@Another Kevin

He reports that his first reaction to learning of the breach was, “I am [unfairly] going to get the blame for what someone else did.”

That part was hilarious. His first concern was whether he had sufficiently covered his ass. Classic.

A culture of cringeing toadies.

Sergeant Schultz November 2, 2016 10:05 AM

Just goes to show, when you hire intelligent people the danger is, they might start to think for themselves. They might stop helping you shit on privacy, freedom to seek and obtain information, freedom of association, freedom of expression, or other human rights.

“he didn’t understand the oversight and compliance, he didn’t understand the rules for handling it, and he didn’t understand the processing of it” Bay thinks, if only Snowden were sufficiently indoctrinated into the secret bureaucratic red tape, he wouldn’t have exposed NSA. Wrong. Snowden knows a Stasi when he sees one.

When the Soviet Union collapsed, everybody was a Snowden. Now it’s our turn.

Clive Robinson November 2, 2016 10:09 AM

Now lets have a look at this, by cutting out the fluff to see the meat 😉

The man who was Edward Snowden’s boss when the National Security Agency (NSA) leaker fled the United States is now speaking out about his experiences and how to counter insider threats.

Hmm lets think about that last bit with respect to,

Bay said he wanted to highlight that there are a few technical solutions that can help. Digitally classifying data and tracking its movement, employing network monitoring and building rule sets that send alerts when classified data leaves the network, and blocking file sharing websites that are not specifically approved by the company are three ways to help deal with the challenge of an insider threat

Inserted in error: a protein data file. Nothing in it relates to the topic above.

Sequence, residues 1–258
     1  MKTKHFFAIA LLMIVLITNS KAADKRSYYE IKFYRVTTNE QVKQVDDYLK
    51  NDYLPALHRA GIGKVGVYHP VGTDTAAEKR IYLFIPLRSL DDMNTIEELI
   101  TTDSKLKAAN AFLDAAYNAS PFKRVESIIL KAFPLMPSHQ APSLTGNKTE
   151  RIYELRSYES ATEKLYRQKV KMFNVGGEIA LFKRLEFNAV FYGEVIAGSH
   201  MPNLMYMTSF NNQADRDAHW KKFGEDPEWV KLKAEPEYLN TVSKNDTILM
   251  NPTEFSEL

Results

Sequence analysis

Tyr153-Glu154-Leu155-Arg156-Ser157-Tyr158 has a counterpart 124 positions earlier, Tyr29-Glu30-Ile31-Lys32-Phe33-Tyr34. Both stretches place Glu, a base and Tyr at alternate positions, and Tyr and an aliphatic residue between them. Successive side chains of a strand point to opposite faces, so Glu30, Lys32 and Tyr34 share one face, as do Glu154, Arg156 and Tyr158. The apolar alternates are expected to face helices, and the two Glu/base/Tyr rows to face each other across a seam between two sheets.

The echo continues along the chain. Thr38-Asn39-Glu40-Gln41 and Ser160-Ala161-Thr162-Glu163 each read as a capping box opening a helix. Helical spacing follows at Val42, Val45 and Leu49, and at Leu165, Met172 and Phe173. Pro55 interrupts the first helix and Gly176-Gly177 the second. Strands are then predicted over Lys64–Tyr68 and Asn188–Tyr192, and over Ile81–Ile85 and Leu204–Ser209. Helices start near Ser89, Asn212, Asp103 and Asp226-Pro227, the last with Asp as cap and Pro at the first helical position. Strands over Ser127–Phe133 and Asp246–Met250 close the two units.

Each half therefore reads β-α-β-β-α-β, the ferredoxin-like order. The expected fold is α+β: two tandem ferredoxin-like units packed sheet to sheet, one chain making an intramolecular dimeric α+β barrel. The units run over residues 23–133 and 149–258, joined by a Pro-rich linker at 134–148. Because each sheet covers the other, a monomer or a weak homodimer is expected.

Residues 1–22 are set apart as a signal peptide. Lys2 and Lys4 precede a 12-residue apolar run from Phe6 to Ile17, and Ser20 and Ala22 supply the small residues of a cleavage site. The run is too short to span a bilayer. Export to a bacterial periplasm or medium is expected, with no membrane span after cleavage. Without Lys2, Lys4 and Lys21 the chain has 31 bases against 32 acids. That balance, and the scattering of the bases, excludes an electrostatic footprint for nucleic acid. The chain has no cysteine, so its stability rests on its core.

Now remind me again just how much of that would have stopped Ed Snowden,

That’s one of the interesting things about his story is that people don’t realize, he never actually had access to any of that data.

Oh… So those three things…

I could go on but I sense a hand up that guys jumper working him like a dummy…

So lets skip that and look at the fifth to last paragraph,

Losing his NSA access meant losing his work with the agency. Bay said he had to find a new position within Booz Allen or he had to leave, since he was no longer billable with NSA. Bay ended up getting a gig with the company’s commercial team in late 2013, and in June of this year he left Booz Allen.

Hmm anyone get the feeling he’s kind of looking for work, because he is not upto the commercial demands of BAH?

Finally back to “dummy with hand up jumper mode” with an added dash of “it’s not my fault dudes, I knew the company line to walk”… But also admitting he was less smart than Ed his junior in all ways that count. Because as,Bay says of Ed “He didn’t understand the programs. He didn’t understand the oversight.” but knew enough about how to work them like a pro and not leave a trace of all that he had done…

Sorry just get a realy cynical feeling about the whole interview. Along the lines the guy can not hack it in the commercial world and wants absolution so he can crawl back under the safety of the “Government Contractor” rock. Where the ability to act dumb and fill the “hours billable time sheet” for “time served” is more important than actual proactive work. And if that does not work try to pan handle his way on his “NSA association”…

Thoth November 2, 2016 11:04 AM

@Clive Robinson

“Where the ability to act dumb and fill the “hours billable time sheet” for “time served” is more important than actual proactive work.”